Assistant principal steps back into teaching

Assistant+Principal+Ryan+Tomlin+speaks+to+Mrs.+Weesners+class.+He+told+the+kids+what+the+care+looks+like+for+a+child+with+a+hypoplastic+left+heart.

Adrienne Parks

Assistant Principal Ryan Tomlin speaks to Mrs. Weesners class. He told the kids what the care looks like for a child with a hypoplastic left heart.

Principal Ryan Tomlin recently spoke to CNA teacher Emily Weesner’s classes during a unit on the heart. Tomlin fosters a child with  hypoplastic left heart syndrome, a rare disorder,  and he spoke to the students about the challenges and day to day life of caring for this child.

“Mr. Tomlin has a fostered baby that they just took in that has a hypoplastic left heart and I wanted the kids to understand what it means to have the care for one of these children and how sick they are,” Weesner said. “So I just asked Mr. Tomlin to come speak to have two worlds collide so the students could understand in a tangible way.”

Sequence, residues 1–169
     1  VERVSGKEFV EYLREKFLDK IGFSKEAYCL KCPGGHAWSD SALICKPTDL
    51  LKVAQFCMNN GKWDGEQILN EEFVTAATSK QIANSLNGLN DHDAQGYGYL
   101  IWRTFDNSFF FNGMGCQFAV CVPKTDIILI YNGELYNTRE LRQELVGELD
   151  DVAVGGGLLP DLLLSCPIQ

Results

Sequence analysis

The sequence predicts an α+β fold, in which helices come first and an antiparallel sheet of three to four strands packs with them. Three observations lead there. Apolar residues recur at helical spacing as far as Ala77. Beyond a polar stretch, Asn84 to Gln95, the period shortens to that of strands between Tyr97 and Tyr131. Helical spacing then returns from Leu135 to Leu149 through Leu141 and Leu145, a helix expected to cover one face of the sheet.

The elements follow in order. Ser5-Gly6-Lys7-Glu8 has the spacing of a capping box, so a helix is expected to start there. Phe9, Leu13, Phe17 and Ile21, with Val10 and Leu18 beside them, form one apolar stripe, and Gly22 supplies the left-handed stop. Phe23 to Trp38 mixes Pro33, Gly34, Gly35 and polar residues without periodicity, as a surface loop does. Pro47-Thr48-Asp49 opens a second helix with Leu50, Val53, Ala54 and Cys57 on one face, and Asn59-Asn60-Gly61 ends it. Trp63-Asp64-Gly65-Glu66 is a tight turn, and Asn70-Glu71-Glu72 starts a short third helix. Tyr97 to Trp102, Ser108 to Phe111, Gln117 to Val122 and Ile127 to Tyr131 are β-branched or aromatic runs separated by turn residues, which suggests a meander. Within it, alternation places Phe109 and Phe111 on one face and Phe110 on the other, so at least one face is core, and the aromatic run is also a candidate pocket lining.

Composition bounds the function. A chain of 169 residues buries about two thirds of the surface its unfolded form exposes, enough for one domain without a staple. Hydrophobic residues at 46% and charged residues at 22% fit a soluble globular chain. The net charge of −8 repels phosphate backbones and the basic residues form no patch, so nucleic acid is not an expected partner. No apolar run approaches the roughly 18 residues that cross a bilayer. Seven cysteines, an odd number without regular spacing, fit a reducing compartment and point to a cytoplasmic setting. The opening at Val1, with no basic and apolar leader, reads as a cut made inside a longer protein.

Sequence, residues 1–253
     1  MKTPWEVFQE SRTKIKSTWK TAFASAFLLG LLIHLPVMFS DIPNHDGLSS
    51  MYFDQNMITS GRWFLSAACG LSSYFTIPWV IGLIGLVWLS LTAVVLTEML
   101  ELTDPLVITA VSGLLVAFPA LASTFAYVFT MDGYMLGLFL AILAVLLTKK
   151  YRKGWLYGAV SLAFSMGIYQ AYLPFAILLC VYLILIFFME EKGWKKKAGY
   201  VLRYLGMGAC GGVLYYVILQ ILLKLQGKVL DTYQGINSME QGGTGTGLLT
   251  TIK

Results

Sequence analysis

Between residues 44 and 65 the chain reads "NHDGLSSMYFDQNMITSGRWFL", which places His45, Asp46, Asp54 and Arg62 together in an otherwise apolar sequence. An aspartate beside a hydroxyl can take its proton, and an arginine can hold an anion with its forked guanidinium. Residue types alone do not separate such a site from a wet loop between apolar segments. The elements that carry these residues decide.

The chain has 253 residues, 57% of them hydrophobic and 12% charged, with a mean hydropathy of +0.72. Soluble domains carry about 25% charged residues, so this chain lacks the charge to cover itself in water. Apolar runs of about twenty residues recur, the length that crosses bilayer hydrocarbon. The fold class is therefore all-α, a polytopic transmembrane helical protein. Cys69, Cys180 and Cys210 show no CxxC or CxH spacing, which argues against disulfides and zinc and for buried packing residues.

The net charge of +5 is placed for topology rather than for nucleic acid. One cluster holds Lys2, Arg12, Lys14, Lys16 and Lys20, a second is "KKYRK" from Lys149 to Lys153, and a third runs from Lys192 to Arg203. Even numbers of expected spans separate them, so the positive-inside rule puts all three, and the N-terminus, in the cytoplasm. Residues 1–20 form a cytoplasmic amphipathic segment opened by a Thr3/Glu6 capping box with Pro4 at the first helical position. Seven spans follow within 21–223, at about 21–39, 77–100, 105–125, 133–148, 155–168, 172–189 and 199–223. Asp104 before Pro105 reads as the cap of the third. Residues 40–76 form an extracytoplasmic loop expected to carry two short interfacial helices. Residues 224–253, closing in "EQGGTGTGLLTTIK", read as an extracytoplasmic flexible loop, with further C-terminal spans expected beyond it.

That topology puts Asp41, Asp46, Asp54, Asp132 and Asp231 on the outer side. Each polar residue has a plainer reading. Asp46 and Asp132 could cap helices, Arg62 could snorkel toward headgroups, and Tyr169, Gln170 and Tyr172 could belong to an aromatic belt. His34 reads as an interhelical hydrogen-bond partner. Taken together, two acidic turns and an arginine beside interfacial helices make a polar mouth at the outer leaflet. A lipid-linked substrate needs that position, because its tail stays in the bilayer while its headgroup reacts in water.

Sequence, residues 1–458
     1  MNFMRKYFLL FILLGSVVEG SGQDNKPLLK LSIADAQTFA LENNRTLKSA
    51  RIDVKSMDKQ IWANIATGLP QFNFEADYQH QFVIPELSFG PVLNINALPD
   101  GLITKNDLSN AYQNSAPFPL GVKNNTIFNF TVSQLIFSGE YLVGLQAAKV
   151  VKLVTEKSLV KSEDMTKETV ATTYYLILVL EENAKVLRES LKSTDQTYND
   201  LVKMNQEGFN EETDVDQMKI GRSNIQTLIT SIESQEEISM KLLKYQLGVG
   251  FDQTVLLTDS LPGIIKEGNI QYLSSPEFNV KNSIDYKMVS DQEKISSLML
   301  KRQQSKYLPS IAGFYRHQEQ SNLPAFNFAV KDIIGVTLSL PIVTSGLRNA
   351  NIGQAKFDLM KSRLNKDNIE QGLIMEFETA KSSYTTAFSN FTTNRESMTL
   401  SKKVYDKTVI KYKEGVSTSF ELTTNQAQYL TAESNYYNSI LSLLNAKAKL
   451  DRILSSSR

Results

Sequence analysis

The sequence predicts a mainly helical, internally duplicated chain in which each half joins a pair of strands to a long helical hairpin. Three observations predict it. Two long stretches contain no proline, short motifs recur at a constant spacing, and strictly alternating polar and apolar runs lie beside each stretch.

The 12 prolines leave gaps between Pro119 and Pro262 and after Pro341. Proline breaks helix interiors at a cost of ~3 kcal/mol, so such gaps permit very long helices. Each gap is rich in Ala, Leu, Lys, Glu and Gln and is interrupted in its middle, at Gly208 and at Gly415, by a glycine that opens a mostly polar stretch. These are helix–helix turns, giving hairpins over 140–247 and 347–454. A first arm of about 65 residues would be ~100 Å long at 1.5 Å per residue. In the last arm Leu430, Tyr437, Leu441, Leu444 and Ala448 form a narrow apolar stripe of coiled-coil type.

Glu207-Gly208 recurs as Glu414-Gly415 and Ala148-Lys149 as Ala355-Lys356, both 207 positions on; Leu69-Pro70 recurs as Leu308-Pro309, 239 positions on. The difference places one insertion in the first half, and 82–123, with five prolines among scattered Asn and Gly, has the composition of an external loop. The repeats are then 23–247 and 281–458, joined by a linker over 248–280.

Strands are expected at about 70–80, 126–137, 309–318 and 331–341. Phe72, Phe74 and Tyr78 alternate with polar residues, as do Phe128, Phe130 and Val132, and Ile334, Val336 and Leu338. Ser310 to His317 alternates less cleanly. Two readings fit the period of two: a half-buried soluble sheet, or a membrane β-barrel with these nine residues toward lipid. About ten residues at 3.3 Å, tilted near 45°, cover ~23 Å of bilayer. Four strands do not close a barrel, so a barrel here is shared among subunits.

The child’s mother had her rights with the child taken from her so she was sent to CPS. After many weeks of being in the hospital, Tomlin and his wife fostered the child to give her a loving home.

“My sister in-law is a nurse practitioner in Dallas and she was taking care of her, and she is a nurse practitioner for a cardiologist, and so she was caring for this girl, and the mom had to give this child to CPS and the child had nowhere to go,” Tomlin said. “So she was in the hospital about 3 weeks, she had heart surgery at birth and she had her second heart surgery about 6 or 7 weeks ago.”

Tomlin spoke to the students about the process of adopting this child and the struggle this child has been through. He also told them about the care, and dealing with the trauma this girl has experienced.

“First of all, it has opened our eyes to the orphan. Many people don’t want to go off and dive into this, so there’s more of these children sitting places whether it be homes where they’re just sitting there and not getting true love and care because their needs are so severe,” Tomlin said. “So it opened our eyes to how many more there are and that because of their condition, they don’t have any care.”